Editor’s Note: This guest blog from a Free the Slaves advocacy partner in the Alliance to End Slavery and Trafficking highlights how a key program to fight modern slavery in American agriculture has moved from a theory of change to a proven solution.
The Coalition of Immokalee Workers (CIW) has been a leader in the fight against modern-day slavery in the United States since the early 1990s, uncovering, investigating, and assisting in the prosecution of numerous farm slavery operations across the Southeastern U.S. The State Department has called the CIW a “pioneer” in the worker-centered and multi-sectoral approach to slavery prosecution and hailed the CIW’s work on some of the earliest cases of slavery as a “spark” that ignited today’s national anti-slavery movement.
We know prosecution is an important tool, and justice for harm done is essential. But we also know that true progress on human rights means creating conditions where the crimes do not happen in the first place. That is why, when we launched the Fair Food Program in 2011, we had a more ambitious goal in mind: prevention.
As farmworkers with the CIW contemplated what it would take to secure dignity and safety in the fields, they realized that the same market power that had been responsible for the downward pressure on their wages and working conditions could be harnessed for good. By educating and engaging with consumers and other allies, farmworkers could “flip the script,” and hold large-scale produce retailers accountable for improving the conditions in their supply chains.
Ten years later, this theory of change has proven true.
The Fair Food Program is built around an innovative, self-reinforcing combination of mechanisms that include worker-to-worker education, a 24/7 trilingual hotline, and comprehensive field and office audits by a dedicated third-party monitoring organization. Workers are empowered as monitors of their own human rights and Participating Growers in the Program are held to a wide-ranging, worker-driven Code of Conduct that includes a zero-tolerance policy for forced labor and a direct-hire requirement that removes farm labor contractors, traditionally the perpetrators of forced labor, from the employment equation. The code also covers wage theft, retaliation, sexual harassment, and health and safety (including, most recently, groundbreaking protocols for the prevention of COVID-19 and heat stress).
But while all of these elements of the program are essential, the factor that makes the Fair Food Program unique in its impact is market-based enforcement. Participating buyers sign legally binding agreements that require them to cut off purchases from farms that have been suspended from the Fair Food Program.
The program has expanded dramatically since 2011 and is now present in eight states and multiple crops, most recently adding new partners in cut flowers and sweet potatoes. Chilling headlines about farmworkers being forced to work against their will, dying on the job, or being assaulted in the fields, only make our work to expand the program more urgent. Fair Food Program hotline staff also receive calls for help from workers on non-Fair Food Program farms, an ever-present reminder that the conditions that enable modern slavery in the fields still have not changed for the majority of farmworkers across the country—and, in fact, have only increased under the pressure of the COVID-19 pandemic. Even today, the CIW’s Anti-Slavery Program continues to uncover and investigate cases of forced labor outside the program.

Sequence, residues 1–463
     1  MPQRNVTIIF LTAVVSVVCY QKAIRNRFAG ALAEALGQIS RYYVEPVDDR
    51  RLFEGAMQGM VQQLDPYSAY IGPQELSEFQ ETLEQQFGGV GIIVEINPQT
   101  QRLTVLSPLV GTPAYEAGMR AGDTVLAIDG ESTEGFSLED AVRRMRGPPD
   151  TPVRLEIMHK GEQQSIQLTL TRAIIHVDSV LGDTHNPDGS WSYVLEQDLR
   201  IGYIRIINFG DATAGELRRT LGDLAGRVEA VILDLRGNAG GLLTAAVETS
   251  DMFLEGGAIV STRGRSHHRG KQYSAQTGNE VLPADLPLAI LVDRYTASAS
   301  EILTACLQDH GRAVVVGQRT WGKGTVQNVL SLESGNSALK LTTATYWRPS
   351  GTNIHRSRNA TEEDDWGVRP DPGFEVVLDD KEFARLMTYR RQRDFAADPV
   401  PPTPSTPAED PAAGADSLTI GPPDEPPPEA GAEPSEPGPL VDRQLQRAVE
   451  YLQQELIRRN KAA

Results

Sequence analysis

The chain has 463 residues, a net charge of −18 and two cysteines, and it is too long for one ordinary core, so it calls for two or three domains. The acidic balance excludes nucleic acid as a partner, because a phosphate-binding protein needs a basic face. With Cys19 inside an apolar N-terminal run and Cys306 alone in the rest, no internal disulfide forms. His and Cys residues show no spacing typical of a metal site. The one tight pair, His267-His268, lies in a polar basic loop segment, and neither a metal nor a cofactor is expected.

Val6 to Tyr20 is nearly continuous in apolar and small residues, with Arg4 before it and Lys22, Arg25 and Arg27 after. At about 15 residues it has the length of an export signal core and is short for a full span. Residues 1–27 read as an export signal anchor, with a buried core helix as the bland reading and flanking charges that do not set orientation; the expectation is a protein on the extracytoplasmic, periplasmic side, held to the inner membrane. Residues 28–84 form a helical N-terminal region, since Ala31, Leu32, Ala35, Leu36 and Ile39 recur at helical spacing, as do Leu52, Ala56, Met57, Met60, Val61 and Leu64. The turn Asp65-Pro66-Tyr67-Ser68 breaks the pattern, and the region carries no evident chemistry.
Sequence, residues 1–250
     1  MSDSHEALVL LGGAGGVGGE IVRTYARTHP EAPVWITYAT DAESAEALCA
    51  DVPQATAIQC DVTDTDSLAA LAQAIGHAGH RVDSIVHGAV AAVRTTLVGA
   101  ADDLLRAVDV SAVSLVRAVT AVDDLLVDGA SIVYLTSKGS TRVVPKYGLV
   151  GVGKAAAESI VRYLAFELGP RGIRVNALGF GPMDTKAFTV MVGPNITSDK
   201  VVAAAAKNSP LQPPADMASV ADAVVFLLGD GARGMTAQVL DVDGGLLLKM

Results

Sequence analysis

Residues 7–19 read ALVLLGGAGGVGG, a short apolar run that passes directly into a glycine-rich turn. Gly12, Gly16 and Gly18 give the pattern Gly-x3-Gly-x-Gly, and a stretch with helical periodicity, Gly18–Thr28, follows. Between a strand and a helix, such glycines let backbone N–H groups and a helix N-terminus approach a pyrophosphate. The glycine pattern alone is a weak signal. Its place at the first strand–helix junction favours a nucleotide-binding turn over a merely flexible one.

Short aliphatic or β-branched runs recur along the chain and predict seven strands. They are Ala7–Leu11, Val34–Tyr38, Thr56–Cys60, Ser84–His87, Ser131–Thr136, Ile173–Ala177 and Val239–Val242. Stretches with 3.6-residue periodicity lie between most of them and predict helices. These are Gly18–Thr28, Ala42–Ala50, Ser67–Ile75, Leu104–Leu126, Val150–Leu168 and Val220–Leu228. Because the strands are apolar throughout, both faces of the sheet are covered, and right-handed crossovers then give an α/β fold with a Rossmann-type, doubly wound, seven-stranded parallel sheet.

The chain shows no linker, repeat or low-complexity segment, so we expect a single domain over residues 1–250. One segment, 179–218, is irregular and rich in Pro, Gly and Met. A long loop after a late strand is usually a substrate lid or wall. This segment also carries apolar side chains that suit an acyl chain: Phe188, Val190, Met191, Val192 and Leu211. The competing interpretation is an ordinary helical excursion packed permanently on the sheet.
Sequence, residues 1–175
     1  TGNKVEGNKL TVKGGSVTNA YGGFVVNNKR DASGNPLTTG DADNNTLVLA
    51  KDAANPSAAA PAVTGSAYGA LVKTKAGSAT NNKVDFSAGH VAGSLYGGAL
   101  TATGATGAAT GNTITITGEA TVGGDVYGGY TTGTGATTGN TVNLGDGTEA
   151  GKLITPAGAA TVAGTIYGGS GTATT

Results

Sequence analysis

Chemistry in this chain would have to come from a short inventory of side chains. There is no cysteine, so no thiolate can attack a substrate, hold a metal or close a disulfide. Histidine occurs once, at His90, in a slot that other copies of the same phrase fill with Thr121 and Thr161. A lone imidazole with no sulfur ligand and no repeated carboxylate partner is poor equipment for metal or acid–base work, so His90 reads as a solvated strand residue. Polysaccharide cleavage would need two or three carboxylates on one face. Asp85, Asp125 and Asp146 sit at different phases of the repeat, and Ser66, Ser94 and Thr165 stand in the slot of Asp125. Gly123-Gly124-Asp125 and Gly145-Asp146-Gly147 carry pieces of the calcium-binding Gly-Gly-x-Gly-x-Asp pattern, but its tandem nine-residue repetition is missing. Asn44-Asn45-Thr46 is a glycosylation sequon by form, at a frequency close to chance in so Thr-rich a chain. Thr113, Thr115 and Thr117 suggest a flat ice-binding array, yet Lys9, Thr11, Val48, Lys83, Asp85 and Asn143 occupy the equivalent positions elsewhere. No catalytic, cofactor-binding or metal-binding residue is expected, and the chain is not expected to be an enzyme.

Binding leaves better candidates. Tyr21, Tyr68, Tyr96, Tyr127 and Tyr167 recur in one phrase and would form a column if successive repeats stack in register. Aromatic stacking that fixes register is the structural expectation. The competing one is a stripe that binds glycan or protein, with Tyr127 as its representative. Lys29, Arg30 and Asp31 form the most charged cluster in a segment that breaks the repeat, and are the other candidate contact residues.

Consumers have been an essential ally, and have joined farmworkers in our calls for major food retailers to join the program and uphold human rights. So far, 14 major retailers have joined, including some of the biggest names in fast food, food service, and supermarkets (with the notable exceptions of Publix, Kroger, and Wendy’s). Their extraordinary market power has helped transform tens of thousands of farmworkers’ lives.
Now we’ve begun to hear from customers and owners of smaller stores and co-ops who want to find a way for their favorite ethical retailers to contribute to that unprecedented transformation, even without the same market power wielded by large buyers of produce.
Two years ago, we launched a new pathway for the Fair Food Program to answer that call – the Fair Food Sponsor Program – and we’re expanding our efforts by inviting consumers to help us identify co-ops, independent grocery stores, small restaurants, and even chefs who share the values of the Fair Food Program and want to support its expansion. Participation in the Fair Food Sponsor Program involves an annual support payment that both combats economic insecurity for farmworkers and helps fund Fair Food monitoring, as well as a commitment to consumer education and sourcing FFP produce whenever possible. Our goal for the Sponsor Program is to build a strong network of smaller, ethical food partners across the country and to build consumer awareness and demand for Fair Food, which will help us expand the FFP’s vital protections to thousands of more farmworkers from Florida to California.
Farmworkers began this journey with a theory of change – and 10 years later, we have the evidence that the program is working, preventing the unchecked abuse that has plagued agriculture for centuries. As we seed our expansion efforts by making “Fair Food” a household name, we invite friends of Free the Slaves to join us!
Tags: Fair Food Program